Thursday
Oct162014

Are you Experienced? A Look at the HPID Application Experience 

Under final rules issued September 5, 2012 by the Department of Health and Human Services under HIPAA, nearly all employer group health plans are required to obtain a unique health plan identification number (HPID) by November 5, 2014.  (We summarize the final rules briefly here.)  Health plans with less than $5 million in annual receipts have until November 5, 2015 to comply.  With less than three weeks to go until the deadline, employers still have questions about the requirements and the application process.  From what we have heard from some clients, the application process can take at least a couple of days so don’t wait until November 5 to get started.   

Click to read more ...

Thursday
Aug072014

Deadline Approaches for Business Associate Agreement Compliance Updates

Employer group health plans and other covered entities that have not already amended business associate agreements (BAAs) to incorporate changes required by the Final Omnibus Rule must do so by September 22, 2014.  (You can read our prior blog post on the Final HIPAA Omnibus Rule here.)

In January 2013 the Department of Health and Human Services published the Final HIPAA Omnibus Rule.  Among other things, the Final Omnibus Rule expanded the scope of entities considered “business associates,” extended direct liability to business associates who fail to comply with certain HIPAA requirements, and required the addition of certain language to new and existing BAAs.  Specifically, the Final Omnibus Rule required that existing BAAs be amended and new BAAs be drafted to include (among other things) provisions requiring a business associate to:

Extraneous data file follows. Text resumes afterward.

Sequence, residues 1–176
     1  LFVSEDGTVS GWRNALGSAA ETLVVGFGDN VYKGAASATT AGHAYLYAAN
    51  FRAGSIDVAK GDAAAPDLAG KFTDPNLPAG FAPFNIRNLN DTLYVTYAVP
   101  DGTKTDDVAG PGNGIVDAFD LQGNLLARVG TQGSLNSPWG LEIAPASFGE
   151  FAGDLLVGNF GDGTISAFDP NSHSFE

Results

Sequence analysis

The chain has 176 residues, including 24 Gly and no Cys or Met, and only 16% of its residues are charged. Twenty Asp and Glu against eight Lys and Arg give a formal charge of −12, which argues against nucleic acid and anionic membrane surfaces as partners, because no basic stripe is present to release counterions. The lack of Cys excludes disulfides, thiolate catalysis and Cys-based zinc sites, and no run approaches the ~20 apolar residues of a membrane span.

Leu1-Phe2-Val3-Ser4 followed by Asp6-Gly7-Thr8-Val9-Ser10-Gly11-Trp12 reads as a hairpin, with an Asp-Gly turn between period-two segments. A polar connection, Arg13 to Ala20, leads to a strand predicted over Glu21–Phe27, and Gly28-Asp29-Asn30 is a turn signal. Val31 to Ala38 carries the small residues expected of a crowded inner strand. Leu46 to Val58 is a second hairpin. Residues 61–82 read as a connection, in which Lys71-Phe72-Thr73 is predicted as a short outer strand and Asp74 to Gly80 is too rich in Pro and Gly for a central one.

• Comply with applicable provisions of the HIPAA security rule;
  • Ensure that any subcontractor creating, receiving, maintaining, or transmitting protected health information (PHI) on behalf of the business associate agrees in writing to the same restrictions and conditions that apply to the business associate with respect to such information;
  • Report to the covered entity breaches of unsecured PHI as required by the breach notification rules; and